streets of fire oral history

In 1982, an action comedy called 48 Hrs. took the world by storm. Not only did it finish seventh at the box office that year, but it also launched the film career of Eddie Murphy and spawned a slew of buddy cop imitations. Although a true sequel to 48 Hrs. wouldn’t come until 1990, a follow-up of sorts came out two years later: Streets of Fire.

To understand how Streets of Fire came to be (and its relationship to 48 Hrs.), I sat down with cowriter Larry Gross to discuss the film’s origins—and his as well.

streets of fire

Streets Of Fire Oral History

How Did This Get Made is a companion to the podcast How Did This Get Made with Paul Scheer, Jason Mantzoukas and June Diane Raphael which focuses on movies. This regular feature is written by Blake J. Harris, who you might know as the writer of the book Console Wars, soon to be a motion picture produced by Seth Rogen and Evan Goldberg. You can listen to the Streets Of Fire edition of the HDTGM podcast here

Synopsis: Set against a brooding rock & roll landscape, a mercenary tries to rescue his ex-girlfriend after she is kidnapped by a vicious gang.

Tagline: A Rock & Roll Fable

streets of fire

Part 1: The Bartender and The Driver

Larry Gross: It all started for me when I was 12 years old. I went to visit my dad in New York City; he worked in Midtown, and when I got there he didn’t know what to do with me. So he sent me to the Museum of Modern Art. And when I got there, they were screening North by Northwest. I have a visceral, neurological memory of the excitement of that film. The suspense of that film and the fun of that film. After that, I started going into the city by myself on a regular basis, and it happened to correspond to an explosion in Manhattan with revival theaters.

Blake Harris: Would you go alone, or did you have friends with similar interests?

Larry Gross: Occasionally I would drag my parents with me, but generally these were very solitary experiences for me. People have different sociological habits or dreams, and my sociological dream, as it were, was to be around older people. I played basketball with older people when I was a kid. I was kind of a mild prodigy at basketball, but as I got older, I submitted to “White Men Can’t Jump” syndrome and I failed to develop. After that happened, movies fully took over for me.

Blake Harris: As a viewer, or were you thinking about making films yourself?

Larry Gross: Well, the first idea in my mind was that I wanted to pass myself off as an authority on movies. And early on, I learned about the cinephiles who had become filmmakers. So the idea was planted early on that I would become one of those guys. I had this thing mapped out where I’d become a great filmmaker like those critics had been. I would take my knowledge of film history and become a great filmmaker, like they did.

With this path in mind, Gross saw as many films as possible during his teenage years and then, in college, started writing screenplays with a friend.  

Larry Gross: During my first two years after college, I didn’t really know how to make the transition. L.A. was always kind of a distant plan. And then what happened in my case was sort of three things happened at once: 1) I had an unhappy love affair; 2) I had a very painful breakup with my writing partner; 3) my brother got a development job out west, in television, for ABC. And he helped me get a job out there.

The job entailed working for a British television director named David Greene, who was coming off of two historically high-rated miniseries: Roots and Rich Man, Poor Man. While working or Greene, Gross also continued writing screenplays on spec. 

Larry Gross: The script that kept getting me meetings was called The Bartender, and it really was like a flat-out imitation of Walter Hill’s The Driver, in a way. That script got as far as to have a director attached: Ted Kotcheff. And through that, for various reasons having to do with the writers strike in 1982, Kotcheff asked me to rewrite a script for him that was in production: Split Image. That was very big for me. It was a real movie with a real cast and it was shooting. And they needed several scenes revised. So I went on location and worked with them. And even though the movie had almost no release, it then led to Ted hiring me to do a similar production rewrite for a good deal more money on the next film he did. Which was First Blood (the first Rambo movie).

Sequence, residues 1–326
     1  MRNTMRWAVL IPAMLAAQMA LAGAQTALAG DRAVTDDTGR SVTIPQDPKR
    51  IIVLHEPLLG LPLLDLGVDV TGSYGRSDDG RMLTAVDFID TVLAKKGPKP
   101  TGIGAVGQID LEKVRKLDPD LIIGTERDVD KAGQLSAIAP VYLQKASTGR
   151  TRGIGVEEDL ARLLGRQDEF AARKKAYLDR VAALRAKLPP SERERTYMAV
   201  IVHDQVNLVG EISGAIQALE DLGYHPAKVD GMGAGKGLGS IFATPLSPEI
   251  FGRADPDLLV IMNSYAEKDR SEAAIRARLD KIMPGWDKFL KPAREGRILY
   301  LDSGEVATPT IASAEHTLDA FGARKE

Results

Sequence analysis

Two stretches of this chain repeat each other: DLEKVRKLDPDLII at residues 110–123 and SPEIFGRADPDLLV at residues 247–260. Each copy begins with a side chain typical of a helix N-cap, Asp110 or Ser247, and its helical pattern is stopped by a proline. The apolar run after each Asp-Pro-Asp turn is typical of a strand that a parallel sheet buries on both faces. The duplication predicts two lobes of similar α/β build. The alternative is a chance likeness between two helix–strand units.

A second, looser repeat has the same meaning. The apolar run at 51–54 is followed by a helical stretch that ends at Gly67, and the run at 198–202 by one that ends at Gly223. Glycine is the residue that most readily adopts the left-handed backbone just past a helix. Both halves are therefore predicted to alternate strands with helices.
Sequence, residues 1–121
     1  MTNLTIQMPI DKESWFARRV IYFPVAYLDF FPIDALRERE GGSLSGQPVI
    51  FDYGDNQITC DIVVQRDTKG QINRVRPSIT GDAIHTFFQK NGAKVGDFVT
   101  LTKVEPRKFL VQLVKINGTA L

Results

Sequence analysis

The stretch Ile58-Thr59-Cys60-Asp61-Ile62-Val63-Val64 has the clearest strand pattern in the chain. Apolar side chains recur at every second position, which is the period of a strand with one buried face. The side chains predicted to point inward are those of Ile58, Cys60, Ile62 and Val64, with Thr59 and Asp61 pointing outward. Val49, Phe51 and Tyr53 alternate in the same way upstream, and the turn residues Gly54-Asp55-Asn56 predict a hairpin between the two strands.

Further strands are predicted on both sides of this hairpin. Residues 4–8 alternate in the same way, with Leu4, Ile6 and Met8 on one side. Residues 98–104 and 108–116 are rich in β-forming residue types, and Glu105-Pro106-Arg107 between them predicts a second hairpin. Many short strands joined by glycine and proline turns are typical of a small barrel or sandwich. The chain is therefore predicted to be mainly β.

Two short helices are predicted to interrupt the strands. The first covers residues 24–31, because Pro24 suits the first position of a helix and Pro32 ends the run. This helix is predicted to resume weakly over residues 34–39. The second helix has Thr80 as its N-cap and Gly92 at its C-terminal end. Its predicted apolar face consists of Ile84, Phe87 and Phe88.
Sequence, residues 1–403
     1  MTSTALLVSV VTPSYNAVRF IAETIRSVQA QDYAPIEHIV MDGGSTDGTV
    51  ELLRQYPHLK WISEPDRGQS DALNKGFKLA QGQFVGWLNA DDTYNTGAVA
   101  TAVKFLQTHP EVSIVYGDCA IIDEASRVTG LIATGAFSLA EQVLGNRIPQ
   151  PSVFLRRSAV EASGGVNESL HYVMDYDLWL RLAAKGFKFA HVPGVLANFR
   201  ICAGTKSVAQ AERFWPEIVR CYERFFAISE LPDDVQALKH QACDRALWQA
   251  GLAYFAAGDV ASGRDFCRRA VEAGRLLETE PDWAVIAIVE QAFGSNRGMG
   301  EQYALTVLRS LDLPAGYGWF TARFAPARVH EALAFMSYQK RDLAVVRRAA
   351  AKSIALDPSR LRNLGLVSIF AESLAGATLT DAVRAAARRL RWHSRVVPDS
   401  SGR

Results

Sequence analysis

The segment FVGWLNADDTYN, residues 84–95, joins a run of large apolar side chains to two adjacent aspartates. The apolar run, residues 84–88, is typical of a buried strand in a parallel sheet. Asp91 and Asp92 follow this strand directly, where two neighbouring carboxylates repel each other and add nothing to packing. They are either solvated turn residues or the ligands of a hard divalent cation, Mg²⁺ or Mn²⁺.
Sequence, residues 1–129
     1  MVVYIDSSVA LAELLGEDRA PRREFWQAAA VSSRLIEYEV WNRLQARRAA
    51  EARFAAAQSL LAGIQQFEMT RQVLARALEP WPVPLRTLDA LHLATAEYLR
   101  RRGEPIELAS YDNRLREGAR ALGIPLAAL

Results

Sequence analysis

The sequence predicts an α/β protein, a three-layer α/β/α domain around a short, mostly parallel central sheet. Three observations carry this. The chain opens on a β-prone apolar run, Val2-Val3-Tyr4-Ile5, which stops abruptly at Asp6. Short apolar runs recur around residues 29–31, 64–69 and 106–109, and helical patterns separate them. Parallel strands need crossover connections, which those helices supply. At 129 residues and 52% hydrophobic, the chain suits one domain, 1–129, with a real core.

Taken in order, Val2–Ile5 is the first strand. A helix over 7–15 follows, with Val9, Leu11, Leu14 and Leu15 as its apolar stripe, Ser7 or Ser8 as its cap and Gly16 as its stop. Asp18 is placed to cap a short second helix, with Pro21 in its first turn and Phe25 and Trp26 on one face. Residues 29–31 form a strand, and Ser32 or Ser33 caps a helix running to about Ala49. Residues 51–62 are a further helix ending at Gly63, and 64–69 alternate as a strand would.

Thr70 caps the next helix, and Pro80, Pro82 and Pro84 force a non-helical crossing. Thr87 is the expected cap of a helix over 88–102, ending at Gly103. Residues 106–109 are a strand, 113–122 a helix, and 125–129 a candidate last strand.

Blake Harris: Ha. Nice!

Larry Gross: The point is that those two rewrites on real movies, the fact of them, got my name around. And around that time, by a series of social accidents, I went to dinner with Walter Hill. And we became friends. During that time, we discussed movies, we discussed politics and we discussed women; but we never discussed work. I certainly made it unmistakably clear to him that I knew his films well and indicated that I was a fan, but I never raised the question of working for him.

Blake Harris: And what was going on in Walter’s career at the time?

Larry Gross: It was a unique period of frustration, relatively speaking. He’d had some success, but then he had a series of setbacks. And there was also the scandal around The Warriors; any success had been eclipsed by the killings in the theaters. So there was that, as well as the noncommercial success of Southern Comfort and Long Riders and the fact that there was a writer’s strike. All of that meant that Walter hadn’t worked in a while. Meaning a year or so. And what happened was the strike ended and the studios didn’t have a lot of ready scripts. So this clever colleague, Larry Gordon, dusted off a script that had been shuttling around development and got it greenlit at Paramount with his friend Michael Eisner. And that script was 48 Hrs.

48 Hrs

Part 2: 48

Larry Gross: 48 Hrs. had been in development for most of the ’70s. It had been rewritten 9 or 10 different times, never to anyone’s complete satisfaction. And Larry Gordon’s idea was to revise it along the lines of being a black/white story. This was at the time of the ascent of Richard Pryor. And basically everyone in town was dreaming of developing the next Richard Pryor movie. He was hot and he was cool and he was new. I mean, the ferocity of people’s enthusiasm for Richard Pryor at that time was really kind of amazing. He crossed that barrier into being artistic and commercial at the same time.